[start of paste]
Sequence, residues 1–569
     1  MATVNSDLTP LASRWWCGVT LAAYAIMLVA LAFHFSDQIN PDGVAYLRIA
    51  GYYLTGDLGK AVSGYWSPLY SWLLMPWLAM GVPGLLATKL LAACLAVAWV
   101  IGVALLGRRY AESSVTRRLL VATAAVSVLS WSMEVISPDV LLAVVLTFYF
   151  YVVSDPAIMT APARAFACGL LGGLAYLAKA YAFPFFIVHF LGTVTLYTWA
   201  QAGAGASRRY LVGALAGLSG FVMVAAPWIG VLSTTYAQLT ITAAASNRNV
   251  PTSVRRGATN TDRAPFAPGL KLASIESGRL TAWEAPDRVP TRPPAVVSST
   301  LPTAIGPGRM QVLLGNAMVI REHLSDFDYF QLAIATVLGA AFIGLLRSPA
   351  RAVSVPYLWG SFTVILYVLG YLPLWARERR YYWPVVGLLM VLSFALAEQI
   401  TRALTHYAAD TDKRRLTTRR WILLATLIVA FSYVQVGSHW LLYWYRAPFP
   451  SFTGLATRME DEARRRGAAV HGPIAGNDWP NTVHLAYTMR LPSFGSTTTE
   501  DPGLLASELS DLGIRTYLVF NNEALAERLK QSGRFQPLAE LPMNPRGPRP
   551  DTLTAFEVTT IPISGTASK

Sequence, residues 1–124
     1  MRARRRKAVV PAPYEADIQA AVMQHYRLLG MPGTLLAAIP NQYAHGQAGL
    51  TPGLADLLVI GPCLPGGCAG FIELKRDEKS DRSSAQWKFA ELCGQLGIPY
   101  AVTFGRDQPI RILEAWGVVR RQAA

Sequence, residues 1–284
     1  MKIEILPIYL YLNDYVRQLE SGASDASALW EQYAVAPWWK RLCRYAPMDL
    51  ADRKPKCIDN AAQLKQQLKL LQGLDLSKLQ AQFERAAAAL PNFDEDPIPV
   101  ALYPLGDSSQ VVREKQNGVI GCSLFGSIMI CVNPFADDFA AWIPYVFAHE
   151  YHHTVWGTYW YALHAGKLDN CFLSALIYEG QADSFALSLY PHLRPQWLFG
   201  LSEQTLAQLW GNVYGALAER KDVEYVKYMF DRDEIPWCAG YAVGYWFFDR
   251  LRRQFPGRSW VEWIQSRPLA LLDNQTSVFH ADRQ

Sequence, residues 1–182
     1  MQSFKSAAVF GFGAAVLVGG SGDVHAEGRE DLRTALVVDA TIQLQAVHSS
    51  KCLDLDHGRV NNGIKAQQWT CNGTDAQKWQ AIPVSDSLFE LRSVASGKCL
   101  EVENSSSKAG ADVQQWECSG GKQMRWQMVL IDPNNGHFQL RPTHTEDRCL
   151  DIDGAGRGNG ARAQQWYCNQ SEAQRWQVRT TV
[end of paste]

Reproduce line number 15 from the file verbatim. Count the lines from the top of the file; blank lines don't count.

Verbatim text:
     1  MRARRRKAVV PAPYEADIQA AVMQHYRLLG MPGTLLAAIP NQYAHGQAGL